Wounded veterans ask Congress to cover fertility treatments

WASHINGTON, D.C. — A group of wounded veterans and their spouses arrived on Capitol Hill Tuesday with their dreams of having a family, something they can't do naturally due to combat injuries.

Veterans benefits do not include payments for in vitro fertilization .

"I felt betrayed and maybe forgotten," Army veteran Matt Keil said.

Keil was shot in the spine during a tour of duty in Iraq and left paralyzed from the neck down. He and his wife Tracy paid $32,000 out of pocket to have their 5 1/2-year-old twins through in vitro fertilization. Congress barred the Veterans Administration from paying for IVF back in 1992.

"I feel like I'm begging my country to provide a service to me that I lost fighting for this country," Keil said.

The Keils came to Washington with other military couples. They want to make sure other veterans who can't conceive naturally due to combat injuries don't have to self-fund their families. Sen. Patty Murray, D-Wash., is championing a plan that would allow the VA to cover IVF procedures.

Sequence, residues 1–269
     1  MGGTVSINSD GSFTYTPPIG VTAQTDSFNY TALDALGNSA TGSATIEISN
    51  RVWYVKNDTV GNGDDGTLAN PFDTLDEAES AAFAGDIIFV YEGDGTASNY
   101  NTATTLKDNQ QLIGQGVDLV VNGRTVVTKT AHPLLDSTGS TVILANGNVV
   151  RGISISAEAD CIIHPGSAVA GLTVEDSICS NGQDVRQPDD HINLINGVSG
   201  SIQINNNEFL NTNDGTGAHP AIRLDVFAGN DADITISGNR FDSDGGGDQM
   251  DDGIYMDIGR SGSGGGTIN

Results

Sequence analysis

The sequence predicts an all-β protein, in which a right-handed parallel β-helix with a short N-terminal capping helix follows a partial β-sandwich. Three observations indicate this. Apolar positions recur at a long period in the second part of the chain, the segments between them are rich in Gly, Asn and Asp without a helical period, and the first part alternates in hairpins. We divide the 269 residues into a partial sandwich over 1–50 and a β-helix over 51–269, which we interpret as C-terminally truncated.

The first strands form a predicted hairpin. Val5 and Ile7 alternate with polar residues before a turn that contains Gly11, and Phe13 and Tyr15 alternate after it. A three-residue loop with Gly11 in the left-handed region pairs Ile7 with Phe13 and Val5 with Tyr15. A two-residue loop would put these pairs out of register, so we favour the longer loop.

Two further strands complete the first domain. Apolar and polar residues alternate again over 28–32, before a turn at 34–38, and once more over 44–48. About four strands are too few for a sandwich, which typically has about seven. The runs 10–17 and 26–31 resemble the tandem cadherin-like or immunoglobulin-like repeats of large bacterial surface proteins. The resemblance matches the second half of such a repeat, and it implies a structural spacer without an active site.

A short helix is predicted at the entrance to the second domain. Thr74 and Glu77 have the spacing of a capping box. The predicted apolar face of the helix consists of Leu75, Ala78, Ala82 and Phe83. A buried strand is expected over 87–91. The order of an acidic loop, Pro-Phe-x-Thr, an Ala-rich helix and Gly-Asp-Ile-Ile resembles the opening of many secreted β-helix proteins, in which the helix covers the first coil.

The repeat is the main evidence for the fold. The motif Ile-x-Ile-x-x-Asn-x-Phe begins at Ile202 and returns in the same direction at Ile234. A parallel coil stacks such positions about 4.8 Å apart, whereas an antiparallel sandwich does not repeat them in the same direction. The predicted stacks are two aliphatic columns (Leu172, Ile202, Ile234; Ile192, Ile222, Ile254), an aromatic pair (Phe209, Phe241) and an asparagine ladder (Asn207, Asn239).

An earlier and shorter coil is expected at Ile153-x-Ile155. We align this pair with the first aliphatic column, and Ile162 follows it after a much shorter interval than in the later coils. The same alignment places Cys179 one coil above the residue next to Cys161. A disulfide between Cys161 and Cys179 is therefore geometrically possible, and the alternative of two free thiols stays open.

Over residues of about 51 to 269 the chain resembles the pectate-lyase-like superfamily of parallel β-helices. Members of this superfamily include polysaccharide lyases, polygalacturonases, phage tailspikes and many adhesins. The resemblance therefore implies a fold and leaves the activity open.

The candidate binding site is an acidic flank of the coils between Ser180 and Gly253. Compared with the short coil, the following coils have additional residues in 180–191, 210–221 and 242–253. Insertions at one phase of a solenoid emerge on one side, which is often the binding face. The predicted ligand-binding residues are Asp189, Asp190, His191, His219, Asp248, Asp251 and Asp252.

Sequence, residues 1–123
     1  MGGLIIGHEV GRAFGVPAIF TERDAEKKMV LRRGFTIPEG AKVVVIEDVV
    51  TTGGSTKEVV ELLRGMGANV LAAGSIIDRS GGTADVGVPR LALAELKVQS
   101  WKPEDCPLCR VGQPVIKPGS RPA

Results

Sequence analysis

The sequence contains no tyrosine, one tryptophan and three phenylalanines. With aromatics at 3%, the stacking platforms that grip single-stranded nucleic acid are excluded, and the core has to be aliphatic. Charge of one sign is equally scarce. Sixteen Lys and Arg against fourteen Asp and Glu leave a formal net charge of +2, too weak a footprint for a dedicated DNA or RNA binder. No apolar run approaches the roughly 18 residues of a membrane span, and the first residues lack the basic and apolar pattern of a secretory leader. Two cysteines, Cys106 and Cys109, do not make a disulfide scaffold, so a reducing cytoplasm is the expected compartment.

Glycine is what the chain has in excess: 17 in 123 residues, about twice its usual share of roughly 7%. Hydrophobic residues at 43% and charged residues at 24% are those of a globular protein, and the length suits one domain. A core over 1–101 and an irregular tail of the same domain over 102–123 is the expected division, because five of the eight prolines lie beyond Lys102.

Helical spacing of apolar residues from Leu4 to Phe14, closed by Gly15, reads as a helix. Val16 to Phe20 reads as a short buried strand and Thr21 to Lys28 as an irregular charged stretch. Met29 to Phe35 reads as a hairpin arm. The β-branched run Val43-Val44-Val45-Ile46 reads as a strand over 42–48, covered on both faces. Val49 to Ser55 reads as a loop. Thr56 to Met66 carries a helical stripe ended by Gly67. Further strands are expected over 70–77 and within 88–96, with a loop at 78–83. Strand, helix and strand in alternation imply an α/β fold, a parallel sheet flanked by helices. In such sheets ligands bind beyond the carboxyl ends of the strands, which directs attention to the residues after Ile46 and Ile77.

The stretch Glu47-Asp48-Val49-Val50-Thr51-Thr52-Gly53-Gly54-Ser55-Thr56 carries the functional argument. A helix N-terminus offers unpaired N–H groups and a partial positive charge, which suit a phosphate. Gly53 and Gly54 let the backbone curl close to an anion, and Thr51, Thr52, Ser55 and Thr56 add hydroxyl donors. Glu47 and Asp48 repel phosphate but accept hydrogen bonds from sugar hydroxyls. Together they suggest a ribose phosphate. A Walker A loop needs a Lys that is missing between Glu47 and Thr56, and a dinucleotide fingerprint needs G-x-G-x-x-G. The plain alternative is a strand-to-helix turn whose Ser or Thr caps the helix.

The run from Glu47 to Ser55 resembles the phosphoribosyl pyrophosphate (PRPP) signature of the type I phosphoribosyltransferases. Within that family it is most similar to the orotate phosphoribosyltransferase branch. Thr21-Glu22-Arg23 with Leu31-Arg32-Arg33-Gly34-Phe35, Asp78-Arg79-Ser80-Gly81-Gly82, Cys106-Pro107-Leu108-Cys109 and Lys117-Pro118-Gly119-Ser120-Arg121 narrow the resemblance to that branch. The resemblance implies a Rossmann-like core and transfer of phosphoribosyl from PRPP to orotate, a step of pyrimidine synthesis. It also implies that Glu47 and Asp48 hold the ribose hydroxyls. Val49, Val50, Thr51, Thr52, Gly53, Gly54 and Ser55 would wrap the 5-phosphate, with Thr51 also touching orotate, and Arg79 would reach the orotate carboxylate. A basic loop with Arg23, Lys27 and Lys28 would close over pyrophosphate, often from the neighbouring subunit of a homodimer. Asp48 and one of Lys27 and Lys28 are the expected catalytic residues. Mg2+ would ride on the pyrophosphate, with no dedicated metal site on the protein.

"This is the cost of war," Murray said. "We treat every other injury. It is part of the promise that we make men and women who serve this country."

The Defense Department covers in vitro fertilization for active duty service members. Many troops have to medically retire because their injuries are so severe.

Kevin Jaye stepped on a roadside bomb. After two rounds of IVF, he and his wife Lauren are expecting a girl in August.

"In the end we will have a baby in our arms," Lauren Jaye said.  "It means everything. It means normal life."

Lauren's health benefits from being a teacher helped cover the cost. The government that sent Kevin to war did not.